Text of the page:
What to Know
- "I am deeply ashamed of what I have done," Huffman said in court, before her 14-day sentence was handed down
- Huffman pleaded guilty in May to conspiracy and fraud for paying $15,000 to boost her older daughter's SAT test scores
- Nearly a dozen more parents are scheduled to be sentenced after pleading guilty in the college admissions scheme
Actress Felicity Huffman will serve time behind bars for her part in the nationwide college admissions cheating scheme, a federal judge ruled Friday after the "Desperate Housewives" actress gave an emotional statement in a Boston courtroom.
In the first of many sentencings to come in the scandal, Huffman got 14 days in prison, a $30,000 fine, 250 hours of community service and a supervised year of release. The 56-year-old Oscar nominee had pleaded guilty in May to conspiracy and fraud for paying $15,000 to boost her older daughter's SAT test scores.
"I was frightened, I was stupid and I was so wrong. I am deeply ashamed of what I have done," Huffman said in court before the sentencing, adding that she would accept whatever punishment she received.
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She reiterated that sentiment in a public statement shortly after the sentencing, saying she accepted it "without reservation" and apologizing to students who worked hard to get into college, as well as and their parents.
"My hope now is that my family, my friends and my community will forgive me for my actions," she said in the statement.
U.S. District Judge Indira Talwani released Huffman, giving her until Oct. 25 to report to prison facility. Her lawyers requested that she be able to serve it at a facility in California, to be near family.
The case is seen as an indicator of what's to come for others charged in the case. Over the next two months, nearly a dozen other parents are scheduled to be sentenced after pleading guilty. A total of 15 parents have pleaded guilty, while 19 are fighting the charges.
Huffman's sentence was greater than what her lawyers asked for — no time behind bars — but less than the prosecutors' request for a month in prison.
Lesser penalties, including probation, would have meant little to someone with "a large home in the Hollywood Hills with an infinity pool," prosecutors said in a Sept. 6 filing.
Huffman's lawyers said she should get a year of probation, 250 hours of community service and a $20,000 fine. They said that she was only a "customer" in the scheme and that, in other cases of academic fraud, only the ringleaders have gone to prison.
In deliberating the sentence, Judge Talwani said, "The outrage is that in a system that is already so distorted by money and privilege ... you took the step of obtaining one more advantage to put your child ahead."
Huffman arrived at court with her husband, actor William H. Macy. He had submitted a letter of support to the judge describing how Huffman has been a wonderful mother who has also occasionally struggled finding the right balance between her instincts and experts' recommendations.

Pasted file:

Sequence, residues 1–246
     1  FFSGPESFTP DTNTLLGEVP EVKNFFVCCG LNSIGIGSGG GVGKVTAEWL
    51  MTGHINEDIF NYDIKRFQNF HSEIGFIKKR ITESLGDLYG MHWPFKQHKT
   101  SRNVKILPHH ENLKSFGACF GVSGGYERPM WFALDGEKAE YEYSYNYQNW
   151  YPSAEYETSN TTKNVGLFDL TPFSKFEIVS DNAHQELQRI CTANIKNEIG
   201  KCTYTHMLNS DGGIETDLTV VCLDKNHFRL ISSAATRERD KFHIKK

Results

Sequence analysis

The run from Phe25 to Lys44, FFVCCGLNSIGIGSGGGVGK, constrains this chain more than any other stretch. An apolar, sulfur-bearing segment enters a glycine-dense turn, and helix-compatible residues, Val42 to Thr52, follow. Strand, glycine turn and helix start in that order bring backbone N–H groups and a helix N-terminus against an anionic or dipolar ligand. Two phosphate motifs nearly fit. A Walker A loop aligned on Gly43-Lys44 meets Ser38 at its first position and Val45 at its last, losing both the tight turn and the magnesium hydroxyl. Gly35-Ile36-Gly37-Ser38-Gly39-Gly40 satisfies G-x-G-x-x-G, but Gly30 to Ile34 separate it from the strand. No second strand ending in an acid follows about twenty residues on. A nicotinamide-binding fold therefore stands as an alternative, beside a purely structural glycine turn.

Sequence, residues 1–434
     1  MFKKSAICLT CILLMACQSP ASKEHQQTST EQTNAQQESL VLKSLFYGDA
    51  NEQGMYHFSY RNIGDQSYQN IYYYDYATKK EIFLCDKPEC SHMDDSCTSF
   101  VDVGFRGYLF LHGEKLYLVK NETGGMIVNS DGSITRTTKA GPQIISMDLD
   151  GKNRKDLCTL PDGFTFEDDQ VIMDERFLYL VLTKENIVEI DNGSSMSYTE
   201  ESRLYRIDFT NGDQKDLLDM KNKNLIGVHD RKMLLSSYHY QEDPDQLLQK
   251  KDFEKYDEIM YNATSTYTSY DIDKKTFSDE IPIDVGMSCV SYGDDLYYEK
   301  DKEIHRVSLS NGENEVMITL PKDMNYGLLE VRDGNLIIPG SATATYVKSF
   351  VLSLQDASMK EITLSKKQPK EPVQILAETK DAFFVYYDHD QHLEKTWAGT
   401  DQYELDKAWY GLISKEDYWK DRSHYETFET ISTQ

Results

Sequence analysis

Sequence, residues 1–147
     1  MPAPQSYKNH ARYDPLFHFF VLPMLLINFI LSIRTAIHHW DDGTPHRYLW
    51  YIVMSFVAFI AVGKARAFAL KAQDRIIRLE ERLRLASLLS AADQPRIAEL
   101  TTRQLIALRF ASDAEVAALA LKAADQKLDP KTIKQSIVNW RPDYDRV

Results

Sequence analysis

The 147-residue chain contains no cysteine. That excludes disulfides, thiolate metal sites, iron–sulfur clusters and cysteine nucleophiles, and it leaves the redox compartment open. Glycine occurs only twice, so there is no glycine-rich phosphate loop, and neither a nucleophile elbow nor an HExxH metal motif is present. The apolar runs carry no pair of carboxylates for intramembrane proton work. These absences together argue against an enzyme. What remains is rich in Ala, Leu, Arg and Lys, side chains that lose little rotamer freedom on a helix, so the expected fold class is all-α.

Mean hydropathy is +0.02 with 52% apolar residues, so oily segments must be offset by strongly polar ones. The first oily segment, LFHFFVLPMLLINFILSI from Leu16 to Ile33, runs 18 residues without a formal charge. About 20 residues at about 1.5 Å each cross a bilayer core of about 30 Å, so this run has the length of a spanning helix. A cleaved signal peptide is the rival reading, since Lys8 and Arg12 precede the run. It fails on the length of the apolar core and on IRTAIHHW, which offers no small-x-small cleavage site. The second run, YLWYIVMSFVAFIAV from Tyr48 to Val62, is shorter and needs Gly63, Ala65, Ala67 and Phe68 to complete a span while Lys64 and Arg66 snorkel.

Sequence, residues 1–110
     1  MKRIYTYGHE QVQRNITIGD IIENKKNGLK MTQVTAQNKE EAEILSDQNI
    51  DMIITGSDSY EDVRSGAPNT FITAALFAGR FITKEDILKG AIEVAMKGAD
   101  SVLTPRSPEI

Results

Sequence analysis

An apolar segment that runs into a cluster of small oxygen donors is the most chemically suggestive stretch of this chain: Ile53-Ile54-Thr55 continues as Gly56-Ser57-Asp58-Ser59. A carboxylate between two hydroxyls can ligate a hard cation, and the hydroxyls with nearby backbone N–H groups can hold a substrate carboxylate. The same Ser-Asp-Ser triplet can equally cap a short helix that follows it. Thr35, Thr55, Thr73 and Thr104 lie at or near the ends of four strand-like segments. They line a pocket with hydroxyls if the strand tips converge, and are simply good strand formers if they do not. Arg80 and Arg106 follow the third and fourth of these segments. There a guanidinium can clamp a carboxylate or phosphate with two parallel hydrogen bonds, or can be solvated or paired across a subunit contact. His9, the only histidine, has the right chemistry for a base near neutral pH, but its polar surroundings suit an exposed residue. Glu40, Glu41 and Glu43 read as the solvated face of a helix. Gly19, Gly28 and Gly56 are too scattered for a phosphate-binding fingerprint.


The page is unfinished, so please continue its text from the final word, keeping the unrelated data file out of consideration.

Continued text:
In her own letter to the judge, Huffman wrote that, "In my desperation to be a good mother I talked myself into believing that all I was doing was giving my daughter a fair shot. I see the irony in that statement now because what I have done is the opposite of fair."
The couple stood together for a moment after the sentence was delivered, Macy's hands on Huffman's shoulders. They didn't give a statement as they left Moakley U.S. Courthouse in South Boston, where a crowd gathered beyond the large throng of news media.
Some bystanders said they felt the sentence is a slap on the wrist, but not all of them.
"There are so many young people who earn the right to go to college by doing the right thing and they don't have the money so I think it's just a bunch of crap," said Patsy Walton, who was visiting Boston from Detroit.
Before the hearing, Talwani announced that the size of bribes paid in the case will not necessarily influence the severity of sentences.
It settled a dispute between prosecutors, who said bigger bribes should lead to sharper penalties, and the court's probation office, which disagreed after concluding that the scheme caused no financial loss.
Talwani sided with the probation office but said all factors would be considered in sentencing decisions.
The amount Huffman paid is relatively low compared with other bribes alleged in the scheme. Some parents are accused of paying up to $500,000 to get their children into elite schools by having them labeled as recruited athletes for sports they didn't even play.
In the Sept. 4 letter asking for leniency, Huffman said she turned to the scheme because her daughter's low math scores jeopardized her dream of going to college and pursuing a career in acting. She now carries "a deep and abiding shame," she said.
Prosecutors countered that Huffman knew the scheme was wrong but chose to participate anyway. They said she wasn't driven by need or desperation, "but by a sense of entitlement, or at least moral cluelessness."
Among those fighting the charges are actress Lori Loughlin and her fashion designer husband, Mossimo Giannulli, who are accused of paying to get their two daughters admitted to the University of Southern California as fake athletes.
"The likelihood is she's ... looking at a significant prison sentence measured in years, not days," legal analyst Michael Coyne told NBC10 Boston, after Huffman's sentencing.
Authorities say it's the biggest college admissions case ever prosecuted by the Justice Department, with a total of 51 people charged.
NBC News producer Ezra Kaplan and The Associated Press contributed to this report.